25. Consecration calls us to fulfil the activities entrusted to us in a fitting and professionally irreproachable way. It is not enough to have been ordained a priest – and I say this as an example – to be a good hospital chaplain or a good preacher. In the same way, basic training or formation will not be enough to sustain us in any job for an indefinite length of time. There has to be a sense of doing a professional job, which means we have a duty to keep ourselves constantly up-to-date. In many places we are called upon to serve regularly as confessors. The ministry of God’s mercy has been the hallmark in the life of more than one Capuchin saint. Why not meet together from time to time to discuss the problems we encounter in this ministry, and to learn from one another how to improve our own ministry? Often, what is missing is someone to start things off, an animator! As part of our obedience in charity, anyone can take the initiative, for the simple reason that we are brothers.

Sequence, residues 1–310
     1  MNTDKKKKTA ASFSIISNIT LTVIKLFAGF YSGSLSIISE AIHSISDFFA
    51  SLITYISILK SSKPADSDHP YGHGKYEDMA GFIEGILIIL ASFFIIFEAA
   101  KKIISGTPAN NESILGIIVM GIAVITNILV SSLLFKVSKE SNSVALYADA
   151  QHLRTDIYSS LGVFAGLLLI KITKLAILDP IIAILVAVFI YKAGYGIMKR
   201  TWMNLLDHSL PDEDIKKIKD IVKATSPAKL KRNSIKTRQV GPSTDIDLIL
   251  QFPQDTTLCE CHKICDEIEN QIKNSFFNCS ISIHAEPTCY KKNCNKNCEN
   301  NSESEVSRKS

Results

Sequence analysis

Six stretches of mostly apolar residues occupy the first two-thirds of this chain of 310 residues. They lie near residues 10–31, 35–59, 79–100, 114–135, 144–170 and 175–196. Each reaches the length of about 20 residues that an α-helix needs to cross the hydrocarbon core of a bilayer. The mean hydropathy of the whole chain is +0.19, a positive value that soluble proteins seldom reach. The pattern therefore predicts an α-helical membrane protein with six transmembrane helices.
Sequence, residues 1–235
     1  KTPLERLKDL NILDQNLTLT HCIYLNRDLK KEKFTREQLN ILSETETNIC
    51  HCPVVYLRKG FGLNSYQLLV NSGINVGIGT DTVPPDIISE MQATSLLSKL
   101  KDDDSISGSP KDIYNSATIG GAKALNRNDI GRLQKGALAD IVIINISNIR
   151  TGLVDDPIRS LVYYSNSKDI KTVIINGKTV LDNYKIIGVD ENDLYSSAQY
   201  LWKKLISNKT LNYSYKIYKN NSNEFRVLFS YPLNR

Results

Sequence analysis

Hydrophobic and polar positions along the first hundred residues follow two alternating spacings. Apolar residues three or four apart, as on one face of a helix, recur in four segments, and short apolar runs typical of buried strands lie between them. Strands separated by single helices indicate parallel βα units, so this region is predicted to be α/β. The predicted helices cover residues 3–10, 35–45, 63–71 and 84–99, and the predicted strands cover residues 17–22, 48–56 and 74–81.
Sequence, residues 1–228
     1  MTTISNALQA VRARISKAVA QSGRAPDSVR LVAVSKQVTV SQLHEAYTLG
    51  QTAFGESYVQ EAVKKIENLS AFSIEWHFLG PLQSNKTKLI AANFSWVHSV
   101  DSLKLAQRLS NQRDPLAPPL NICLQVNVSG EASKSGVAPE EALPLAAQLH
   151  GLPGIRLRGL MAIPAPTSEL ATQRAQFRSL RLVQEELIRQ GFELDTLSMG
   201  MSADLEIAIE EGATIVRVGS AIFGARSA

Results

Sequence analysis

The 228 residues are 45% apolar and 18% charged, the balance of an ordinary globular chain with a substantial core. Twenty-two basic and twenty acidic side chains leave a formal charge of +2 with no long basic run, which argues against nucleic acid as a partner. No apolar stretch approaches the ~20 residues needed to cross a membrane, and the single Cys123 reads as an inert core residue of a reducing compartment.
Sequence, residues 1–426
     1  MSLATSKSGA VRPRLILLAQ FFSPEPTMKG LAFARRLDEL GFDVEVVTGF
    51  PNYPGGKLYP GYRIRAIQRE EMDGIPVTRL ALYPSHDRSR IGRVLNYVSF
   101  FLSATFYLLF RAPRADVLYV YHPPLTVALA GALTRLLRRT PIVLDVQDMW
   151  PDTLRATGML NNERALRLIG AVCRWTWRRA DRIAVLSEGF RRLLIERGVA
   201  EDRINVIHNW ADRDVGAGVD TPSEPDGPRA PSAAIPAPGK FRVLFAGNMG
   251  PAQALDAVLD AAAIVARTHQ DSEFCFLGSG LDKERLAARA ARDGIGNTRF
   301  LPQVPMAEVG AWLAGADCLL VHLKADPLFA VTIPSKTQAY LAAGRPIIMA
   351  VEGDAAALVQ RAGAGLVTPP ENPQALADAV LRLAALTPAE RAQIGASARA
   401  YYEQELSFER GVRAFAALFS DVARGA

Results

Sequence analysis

26. At the general level I would like to remind everyone of what we have been providing at our house in Frascati for a number of years: courses centred on the rediscovery of our roots, offered to the various regions of the Order; courses for formators (for some time now, these courses are given in the same areas where the formators will be working); courses for guardians; courses for confessors. The work of planning and organising these various courses falls to the brothers of the General Secretariat for Formation, and we owe them our special thanks.